A key component of a will’s validity is that the grantor had the mental capacity to establish the document. In this situation, mental capacity refers to an awareness and understanding of the document and its implications as well as clear intent for its declaration.
When you suspect that a loved one lacked the mental capacity for their will, you may have grounds to contest it.
Can you show evidence of faulty reasoning, memory and mental awareness?
Contesting a will on mental capacity grounds requires evidence that the individual lacked the capacity to understand the document they produced. You need evidence of questionable behavior, clear memory issues and signs of struggling awareness.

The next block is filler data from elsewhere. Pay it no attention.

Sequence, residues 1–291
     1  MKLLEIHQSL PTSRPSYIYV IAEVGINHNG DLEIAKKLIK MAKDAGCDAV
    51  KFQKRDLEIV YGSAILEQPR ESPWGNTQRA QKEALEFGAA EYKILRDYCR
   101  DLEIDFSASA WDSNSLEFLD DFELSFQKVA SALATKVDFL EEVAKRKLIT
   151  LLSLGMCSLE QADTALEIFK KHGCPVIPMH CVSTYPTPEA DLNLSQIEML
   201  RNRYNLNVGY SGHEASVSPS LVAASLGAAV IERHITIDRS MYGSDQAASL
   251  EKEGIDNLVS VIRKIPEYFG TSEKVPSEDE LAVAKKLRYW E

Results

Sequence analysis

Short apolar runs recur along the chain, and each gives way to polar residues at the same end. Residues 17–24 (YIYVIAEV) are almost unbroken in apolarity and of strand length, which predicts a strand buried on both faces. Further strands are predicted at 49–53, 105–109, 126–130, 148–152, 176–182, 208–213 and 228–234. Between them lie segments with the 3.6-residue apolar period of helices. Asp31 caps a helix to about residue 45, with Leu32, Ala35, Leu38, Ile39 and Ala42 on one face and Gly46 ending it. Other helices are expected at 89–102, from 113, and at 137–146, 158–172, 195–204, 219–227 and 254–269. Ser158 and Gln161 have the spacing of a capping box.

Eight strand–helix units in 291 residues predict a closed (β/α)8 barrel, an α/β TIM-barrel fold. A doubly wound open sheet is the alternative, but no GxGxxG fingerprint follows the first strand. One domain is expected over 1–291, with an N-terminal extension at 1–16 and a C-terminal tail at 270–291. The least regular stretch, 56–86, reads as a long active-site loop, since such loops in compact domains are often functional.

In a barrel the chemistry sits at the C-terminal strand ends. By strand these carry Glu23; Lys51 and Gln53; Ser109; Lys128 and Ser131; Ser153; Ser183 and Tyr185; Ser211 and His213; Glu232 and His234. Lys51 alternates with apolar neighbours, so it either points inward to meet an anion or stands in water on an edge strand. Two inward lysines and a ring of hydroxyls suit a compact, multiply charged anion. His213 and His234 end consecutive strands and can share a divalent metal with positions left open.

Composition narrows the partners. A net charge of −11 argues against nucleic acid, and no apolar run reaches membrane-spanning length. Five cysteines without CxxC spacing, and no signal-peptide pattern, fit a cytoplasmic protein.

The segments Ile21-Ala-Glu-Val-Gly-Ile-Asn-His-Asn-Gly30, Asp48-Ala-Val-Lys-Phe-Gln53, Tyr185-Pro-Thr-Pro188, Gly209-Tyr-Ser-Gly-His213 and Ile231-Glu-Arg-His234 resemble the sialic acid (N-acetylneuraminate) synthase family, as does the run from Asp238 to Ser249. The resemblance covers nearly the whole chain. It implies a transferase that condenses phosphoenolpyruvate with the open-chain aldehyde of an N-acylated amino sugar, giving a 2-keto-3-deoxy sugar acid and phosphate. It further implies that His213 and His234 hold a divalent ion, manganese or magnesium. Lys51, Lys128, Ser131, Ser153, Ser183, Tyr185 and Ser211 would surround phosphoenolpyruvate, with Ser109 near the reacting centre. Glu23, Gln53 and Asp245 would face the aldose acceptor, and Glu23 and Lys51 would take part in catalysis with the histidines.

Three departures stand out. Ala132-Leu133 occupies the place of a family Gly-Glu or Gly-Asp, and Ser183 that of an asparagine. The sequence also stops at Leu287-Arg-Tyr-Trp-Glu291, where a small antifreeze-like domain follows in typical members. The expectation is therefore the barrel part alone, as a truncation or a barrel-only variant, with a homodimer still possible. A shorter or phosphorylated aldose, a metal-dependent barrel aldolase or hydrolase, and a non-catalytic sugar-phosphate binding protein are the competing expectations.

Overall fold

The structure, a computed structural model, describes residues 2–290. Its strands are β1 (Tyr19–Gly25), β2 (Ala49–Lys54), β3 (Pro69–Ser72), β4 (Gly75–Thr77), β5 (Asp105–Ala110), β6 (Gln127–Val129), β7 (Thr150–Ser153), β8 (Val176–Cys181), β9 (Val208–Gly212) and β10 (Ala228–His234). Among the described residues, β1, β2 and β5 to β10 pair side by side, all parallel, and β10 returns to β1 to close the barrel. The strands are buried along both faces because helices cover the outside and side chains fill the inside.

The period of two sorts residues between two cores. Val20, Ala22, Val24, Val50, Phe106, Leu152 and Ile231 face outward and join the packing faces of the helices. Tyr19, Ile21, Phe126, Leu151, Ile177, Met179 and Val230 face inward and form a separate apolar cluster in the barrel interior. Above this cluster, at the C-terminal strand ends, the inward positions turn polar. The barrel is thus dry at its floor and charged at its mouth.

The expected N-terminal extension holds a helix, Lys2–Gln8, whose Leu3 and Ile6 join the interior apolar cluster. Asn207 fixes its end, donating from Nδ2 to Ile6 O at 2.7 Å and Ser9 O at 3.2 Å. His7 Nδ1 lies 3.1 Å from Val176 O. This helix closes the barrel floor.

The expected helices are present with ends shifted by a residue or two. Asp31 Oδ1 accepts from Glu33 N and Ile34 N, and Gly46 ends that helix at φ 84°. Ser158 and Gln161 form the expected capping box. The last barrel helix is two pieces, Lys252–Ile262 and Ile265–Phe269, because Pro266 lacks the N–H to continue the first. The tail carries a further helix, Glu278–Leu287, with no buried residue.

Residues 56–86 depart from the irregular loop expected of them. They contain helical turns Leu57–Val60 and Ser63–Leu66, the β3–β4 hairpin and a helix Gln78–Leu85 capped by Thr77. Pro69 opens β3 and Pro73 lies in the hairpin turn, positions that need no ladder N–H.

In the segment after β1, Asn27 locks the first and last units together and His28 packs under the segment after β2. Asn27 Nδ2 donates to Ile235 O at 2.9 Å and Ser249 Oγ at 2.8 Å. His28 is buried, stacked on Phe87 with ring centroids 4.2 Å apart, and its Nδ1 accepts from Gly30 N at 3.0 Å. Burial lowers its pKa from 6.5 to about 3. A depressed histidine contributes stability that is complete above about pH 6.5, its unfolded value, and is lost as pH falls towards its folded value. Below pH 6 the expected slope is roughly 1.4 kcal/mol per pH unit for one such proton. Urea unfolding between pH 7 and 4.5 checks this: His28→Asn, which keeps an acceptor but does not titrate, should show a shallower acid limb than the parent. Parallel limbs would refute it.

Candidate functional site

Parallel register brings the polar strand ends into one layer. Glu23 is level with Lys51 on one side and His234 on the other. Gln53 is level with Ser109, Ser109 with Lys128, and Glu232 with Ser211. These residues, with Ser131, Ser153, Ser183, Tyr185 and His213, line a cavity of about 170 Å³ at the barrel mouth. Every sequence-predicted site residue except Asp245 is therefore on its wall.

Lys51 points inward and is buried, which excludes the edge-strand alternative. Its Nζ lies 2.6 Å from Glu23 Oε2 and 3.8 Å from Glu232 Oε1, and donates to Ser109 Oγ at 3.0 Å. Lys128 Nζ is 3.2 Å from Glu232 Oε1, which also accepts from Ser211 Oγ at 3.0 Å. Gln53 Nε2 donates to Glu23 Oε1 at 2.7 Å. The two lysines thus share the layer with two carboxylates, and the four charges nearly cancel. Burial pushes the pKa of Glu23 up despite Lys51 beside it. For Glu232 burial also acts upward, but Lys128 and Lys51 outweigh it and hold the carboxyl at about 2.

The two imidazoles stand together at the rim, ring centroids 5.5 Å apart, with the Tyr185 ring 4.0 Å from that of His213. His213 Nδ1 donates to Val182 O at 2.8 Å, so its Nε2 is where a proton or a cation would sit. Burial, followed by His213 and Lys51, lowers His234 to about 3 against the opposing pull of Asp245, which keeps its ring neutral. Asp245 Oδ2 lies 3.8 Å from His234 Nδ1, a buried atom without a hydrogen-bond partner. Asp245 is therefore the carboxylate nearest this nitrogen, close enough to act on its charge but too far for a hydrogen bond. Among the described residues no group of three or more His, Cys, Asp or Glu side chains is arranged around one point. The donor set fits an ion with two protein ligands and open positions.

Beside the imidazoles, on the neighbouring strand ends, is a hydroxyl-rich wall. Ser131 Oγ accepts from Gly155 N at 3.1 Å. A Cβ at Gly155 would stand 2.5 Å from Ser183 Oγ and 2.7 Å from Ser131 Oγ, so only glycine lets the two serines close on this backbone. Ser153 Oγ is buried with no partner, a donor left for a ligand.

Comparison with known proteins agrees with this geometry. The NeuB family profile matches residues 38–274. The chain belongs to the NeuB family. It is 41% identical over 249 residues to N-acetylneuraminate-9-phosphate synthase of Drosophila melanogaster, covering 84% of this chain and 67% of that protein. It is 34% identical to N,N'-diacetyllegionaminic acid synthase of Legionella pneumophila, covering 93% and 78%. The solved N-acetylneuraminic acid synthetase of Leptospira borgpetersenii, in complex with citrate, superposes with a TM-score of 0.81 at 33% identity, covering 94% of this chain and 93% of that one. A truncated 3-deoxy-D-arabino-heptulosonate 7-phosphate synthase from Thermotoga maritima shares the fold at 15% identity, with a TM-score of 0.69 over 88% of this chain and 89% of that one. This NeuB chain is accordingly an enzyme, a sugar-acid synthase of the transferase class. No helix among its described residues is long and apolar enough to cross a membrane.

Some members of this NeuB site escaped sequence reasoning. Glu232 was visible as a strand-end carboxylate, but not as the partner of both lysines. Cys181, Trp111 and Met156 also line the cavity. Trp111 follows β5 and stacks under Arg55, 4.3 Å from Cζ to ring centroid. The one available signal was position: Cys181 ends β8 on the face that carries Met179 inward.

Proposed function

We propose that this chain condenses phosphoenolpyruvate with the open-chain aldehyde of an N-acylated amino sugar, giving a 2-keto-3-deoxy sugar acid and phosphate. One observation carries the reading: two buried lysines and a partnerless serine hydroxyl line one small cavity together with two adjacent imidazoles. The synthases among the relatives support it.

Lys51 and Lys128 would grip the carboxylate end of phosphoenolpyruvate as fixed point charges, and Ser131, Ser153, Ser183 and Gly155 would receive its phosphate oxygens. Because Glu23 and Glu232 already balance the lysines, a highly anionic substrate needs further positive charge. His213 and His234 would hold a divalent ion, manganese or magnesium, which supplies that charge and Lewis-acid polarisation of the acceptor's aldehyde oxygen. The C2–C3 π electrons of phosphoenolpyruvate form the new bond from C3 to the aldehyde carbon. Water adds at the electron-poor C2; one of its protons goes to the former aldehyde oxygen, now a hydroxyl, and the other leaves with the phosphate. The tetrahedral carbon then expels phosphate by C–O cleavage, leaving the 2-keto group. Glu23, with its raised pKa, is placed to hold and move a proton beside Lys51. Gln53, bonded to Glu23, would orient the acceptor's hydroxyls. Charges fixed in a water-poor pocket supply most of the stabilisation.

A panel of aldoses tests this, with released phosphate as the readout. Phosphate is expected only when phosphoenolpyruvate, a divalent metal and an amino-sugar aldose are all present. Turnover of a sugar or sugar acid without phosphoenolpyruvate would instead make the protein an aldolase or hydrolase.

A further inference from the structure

What types of evidence do you have?
You need to gather your evidence before you file the will contest to be sure that you can support the claim. Evidence for mental capacity contests includes things like statements from family members and the attorney who handled the will. The witnesses who signed the will should testify as well.
Medical records are valuable evidence as well. If the medical records for the deceased show dementia treatment or questions of mental capacity, that evidence will support your claim as well. Medical professional testimony can help as well.
The more details you can provide to show the mental capacity of the deceased, the easier it is to succeed with your will contest. If you have any reason to believe that your loved one wrote their will without proper understanding of the effect of their actions, contest the will in probate court.